A look at Fort Hood’s namesake, a Confederate General named John Bell Hood
FORT CAVAZOS, Texas (KWTX) - Picking the new name Fort Cavazos has been a lengthy process for the Army, forming committees and doing research in hopes of distancing the Army base from its namesake, a Confederate General.
But when the base was being named Fort Hood in the 1940s, picking who to name it after was much simpler.
In 1942, no naming committee or elaborate search process as the Army base got its name.
“Basically they were looking at someone to name the Fort after, they basically went to the library and began doing research and they had found that John Bell Hood had a connection to the Texas Brigade so it was named that,” explains Steven Draper, the Director at the National Mounted Warrior Museum in Killeen.
The name didn’t raise in alarm for 1940s America but now there are questions about whether John Bell Hood’s legacy is worth putting on a fixture of American military prowess.
John Bell Hood was a Confederate General and Commander of the Texas Brigade during the Civil War.
He was one of the most rapidly promoted leaders in the Confederate military during the Civil War. Hood was quickly promoted from Brigade Command to Brigadier General in 11 days. Much like the base named after him that quickly moved from being a training location named Camp Hood to a full fledged Fort Hood.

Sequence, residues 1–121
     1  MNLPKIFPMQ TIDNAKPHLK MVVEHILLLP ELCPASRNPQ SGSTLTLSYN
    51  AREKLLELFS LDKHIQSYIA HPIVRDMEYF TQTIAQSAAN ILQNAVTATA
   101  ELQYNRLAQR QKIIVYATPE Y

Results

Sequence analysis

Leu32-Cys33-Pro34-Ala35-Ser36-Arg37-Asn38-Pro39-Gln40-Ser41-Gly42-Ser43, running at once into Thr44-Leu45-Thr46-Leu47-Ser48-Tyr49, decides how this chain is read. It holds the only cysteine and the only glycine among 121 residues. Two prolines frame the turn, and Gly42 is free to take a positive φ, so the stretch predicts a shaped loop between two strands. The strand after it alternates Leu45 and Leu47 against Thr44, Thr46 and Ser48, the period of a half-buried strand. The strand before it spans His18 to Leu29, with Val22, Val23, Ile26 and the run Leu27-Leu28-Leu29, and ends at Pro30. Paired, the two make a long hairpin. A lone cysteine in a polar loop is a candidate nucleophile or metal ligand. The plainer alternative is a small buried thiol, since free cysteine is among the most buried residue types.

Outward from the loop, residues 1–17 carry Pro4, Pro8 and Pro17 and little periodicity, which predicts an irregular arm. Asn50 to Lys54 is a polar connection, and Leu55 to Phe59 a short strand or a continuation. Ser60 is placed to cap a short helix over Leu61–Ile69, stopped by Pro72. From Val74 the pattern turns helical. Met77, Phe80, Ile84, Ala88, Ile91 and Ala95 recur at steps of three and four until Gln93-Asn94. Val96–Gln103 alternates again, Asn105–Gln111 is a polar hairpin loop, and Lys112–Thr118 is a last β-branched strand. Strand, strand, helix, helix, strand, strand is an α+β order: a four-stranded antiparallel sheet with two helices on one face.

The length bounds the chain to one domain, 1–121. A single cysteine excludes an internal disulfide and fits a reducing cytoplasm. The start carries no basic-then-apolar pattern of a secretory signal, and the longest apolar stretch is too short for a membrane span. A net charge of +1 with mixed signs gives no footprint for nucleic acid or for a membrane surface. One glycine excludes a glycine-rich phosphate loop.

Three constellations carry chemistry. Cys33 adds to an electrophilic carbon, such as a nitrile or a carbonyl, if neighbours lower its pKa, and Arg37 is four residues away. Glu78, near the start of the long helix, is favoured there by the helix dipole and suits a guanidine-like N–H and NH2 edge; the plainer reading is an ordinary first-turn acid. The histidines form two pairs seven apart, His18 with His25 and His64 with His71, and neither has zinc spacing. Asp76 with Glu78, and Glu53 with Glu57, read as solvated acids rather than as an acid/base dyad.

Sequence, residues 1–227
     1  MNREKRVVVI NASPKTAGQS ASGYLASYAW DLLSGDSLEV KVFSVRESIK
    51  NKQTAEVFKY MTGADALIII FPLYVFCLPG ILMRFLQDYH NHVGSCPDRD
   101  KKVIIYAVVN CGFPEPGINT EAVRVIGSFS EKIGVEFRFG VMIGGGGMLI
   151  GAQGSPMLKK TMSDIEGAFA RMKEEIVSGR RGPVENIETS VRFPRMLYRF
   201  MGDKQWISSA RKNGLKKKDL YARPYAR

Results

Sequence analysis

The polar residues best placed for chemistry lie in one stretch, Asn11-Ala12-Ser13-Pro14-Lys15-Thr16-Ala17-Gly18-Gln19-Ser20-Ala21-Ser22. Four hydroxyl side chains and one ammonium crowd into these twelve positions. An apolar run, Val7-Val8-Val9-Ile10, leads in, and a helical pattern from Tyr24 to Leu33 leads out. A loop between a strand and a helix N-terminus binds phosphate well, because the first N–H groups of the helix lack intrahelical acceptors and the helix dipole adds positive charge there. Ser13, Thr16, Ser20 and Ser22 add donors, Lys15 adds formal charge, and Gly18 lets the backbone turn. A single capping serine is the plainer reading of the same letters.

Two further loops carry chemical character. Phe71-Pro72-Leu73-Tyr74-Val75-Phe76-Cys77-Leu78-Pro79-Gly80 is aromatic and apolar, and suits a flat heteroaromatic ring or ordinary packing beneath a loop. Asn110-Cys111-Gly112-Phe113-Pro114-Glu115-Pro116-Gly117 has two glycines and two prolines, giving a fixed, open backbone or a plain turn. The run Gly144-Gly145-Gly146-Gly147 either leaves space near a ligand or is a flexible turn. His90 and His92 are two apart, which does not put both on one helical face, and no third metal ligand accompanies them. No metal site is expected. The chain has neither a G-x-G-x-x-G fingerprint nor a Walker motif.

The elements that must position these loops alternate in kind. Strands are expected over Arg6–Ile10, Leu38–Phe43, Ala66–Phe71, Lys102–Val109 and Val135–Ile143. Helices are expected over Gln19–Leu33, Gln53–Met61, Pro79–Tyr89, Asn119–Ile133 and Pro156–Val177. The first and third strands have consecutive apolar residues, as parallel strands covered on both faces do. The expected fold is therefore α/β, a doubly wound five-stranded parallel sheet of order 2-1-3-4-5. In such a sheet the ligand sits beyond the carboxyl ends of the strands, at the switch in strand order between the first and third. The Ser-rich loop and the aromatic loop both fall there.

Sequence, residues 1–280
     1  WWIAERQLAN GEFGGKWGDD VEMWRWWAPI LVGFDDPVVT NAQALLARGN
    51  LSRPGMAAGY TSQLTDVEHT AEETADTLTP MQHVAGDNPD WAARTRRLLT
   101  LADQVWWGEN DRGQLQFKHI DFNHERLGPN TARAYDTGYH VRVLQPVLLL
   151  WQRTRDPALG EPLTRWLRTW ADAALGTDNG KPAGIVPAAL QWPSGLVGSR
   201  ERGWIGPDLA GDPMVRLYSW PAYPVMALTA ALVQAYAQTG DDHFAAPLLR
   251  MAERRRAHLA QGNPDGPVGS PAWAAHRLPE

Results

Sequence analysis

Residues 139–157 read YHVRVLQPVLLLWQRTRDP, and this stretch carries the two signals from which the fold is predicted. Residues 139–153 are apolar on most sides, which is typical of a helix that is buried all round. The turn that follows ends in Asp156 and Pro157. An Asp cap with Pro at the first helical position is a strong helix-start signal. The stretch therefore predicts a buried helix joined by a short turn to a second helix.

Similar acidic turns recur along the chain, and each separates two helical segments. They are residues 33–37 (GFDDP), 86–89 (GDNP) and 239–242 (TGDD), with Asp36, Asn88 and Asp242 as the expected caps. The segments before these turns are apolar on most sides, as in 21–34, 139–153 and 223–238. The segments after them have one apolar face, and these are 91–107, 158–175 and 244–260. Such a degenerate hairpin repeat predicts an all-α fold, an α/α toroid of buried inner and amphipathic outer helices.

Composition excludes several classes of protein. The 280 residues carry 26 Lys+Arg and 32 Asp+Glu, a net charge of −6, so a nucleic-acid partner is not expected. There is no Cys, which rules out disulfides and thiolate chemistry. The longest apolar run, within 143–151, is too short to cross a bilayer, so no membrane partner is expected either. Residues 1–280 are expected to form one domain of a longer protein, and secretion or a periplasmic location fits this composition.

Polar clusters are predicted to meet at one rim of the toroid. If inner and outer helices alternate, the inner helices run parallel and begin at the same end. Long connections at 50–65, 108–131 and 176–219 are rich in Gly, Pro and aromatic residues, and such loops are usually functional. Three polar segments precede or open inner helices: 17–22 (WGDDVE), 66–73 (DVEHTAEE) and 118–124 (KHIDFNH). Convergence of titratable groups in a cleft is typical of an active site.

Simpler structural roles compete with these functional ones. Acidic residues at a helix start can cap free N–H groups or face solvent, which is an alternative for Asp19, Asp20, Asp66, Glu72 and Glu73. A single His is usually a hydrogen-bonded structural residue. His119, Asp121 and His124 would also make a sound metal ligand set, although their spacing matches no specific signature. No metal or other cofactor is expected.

“The names Camp Hood and Fort Hood changed right after the second World War,” Draper says.
Like its namesake quickly moving through the ranks, Camp Hood was once an impressive 100,000 acres and quickly added an additional 50,000 more than following year and now at more than 218,000 acres spanning through Bell and Coryell counties.
“Camp Hood became Fort Hood as they established more of the armored training school here. The first and second armored divisions were trained at Fort Hood and it became a major area for training the tank units here,” Draper explains.
While the legacy of the man behind the name “Hood” is now in question, Fort Hood did produce some other well-known and well celebrated figures like Jackie Robinson in the 1940s and heart throb Elvis Presley in 1958.
Thousands of soldiers have boot their boots on the ground in Killeen, training for oversea deployments through the 80s preparing for the wars to come like Operation Desert Storm in 1990. And later, Operation Iraqi Freedom and Operation Afghanistan in the early 2000s.
Today Fort Hood stands with the same old and controversial history in its books but has a brand new name at its gates. As some hope the post will begin to emulate its new namesake, war hero General Richard Cavazos.
“Not only did Cavazos provide for regular soldiers, but even in his retirement life he was a mentor to a lot of senior officers that are important in shaping what the Army is today,” Draper says.
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